Answer: Dermacentor sp. tick, adult male
Wow, lots of great discussion on this case! Thank you readers for providing the identification keys and references. Some of the key features that identify this as a Dermacentor are the ornate scutum, short mouthparts, and festoons. Examination of the spiracular plates is necessary for differentiation between D. variabilis and D. andersoni, and, as Jon mentioned, you can't see the spiracular plates well enough in these photos to make that distinction.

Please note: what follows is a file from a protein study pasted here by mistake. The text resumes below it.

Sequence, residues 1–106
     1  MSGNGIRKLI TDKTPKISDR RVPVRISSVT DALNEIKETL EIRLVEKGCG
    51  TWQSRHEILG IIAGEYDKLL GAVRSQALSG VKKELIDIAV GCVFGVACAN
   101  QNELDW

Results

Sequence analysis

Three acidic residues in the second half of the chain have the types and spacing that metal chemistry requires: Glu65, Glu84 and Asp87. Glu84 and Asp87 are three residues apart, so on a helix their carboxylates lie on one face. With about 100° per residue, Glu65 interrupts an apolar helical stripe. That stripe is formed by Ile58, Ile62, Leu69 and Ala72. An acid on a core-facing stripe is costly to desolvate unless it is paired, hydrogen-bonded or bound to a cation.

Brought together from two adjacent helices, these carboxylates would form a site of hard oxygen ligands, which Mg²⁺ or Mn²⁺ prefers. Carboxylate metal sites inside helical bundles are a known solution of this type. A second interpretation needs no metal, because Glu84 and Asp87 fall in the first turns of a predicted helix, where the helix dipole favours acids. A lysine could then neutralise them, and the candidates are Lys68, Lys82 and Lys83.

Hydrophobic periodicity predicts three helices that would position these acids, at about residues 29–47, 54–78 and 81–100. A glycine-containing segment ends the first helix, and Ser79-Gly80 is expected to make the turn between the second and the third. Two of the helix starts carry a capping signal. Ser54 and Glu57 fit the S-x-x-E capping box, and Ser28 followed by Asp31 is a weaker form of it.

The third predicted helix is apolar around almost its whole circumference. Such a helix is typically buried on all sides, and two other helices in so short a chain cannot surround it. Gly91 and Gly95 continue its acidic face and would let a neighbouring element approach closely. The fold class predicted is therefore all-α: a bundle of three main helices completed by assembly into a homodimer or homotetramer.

I believe that the CDC pictorial keys that Florida Fan was referring are HERE. These are definitely a good place to start when performing arthropod ID. I'll also put in a shameless plug for a benchtop reference guide that Blaine Mathison and I published with the CAP Press that provides guidance for identification of arthropods to the genus level (which we don't make money on, so I don't feel bad mentioning). Finally, Blaine and I published a review on identification of medically-important arthropods through Clinical Microbiology Reviews that you can access HERE. If you don't have access to the full text, send me an email at firstname.lastname@example.org and I will send you a copy.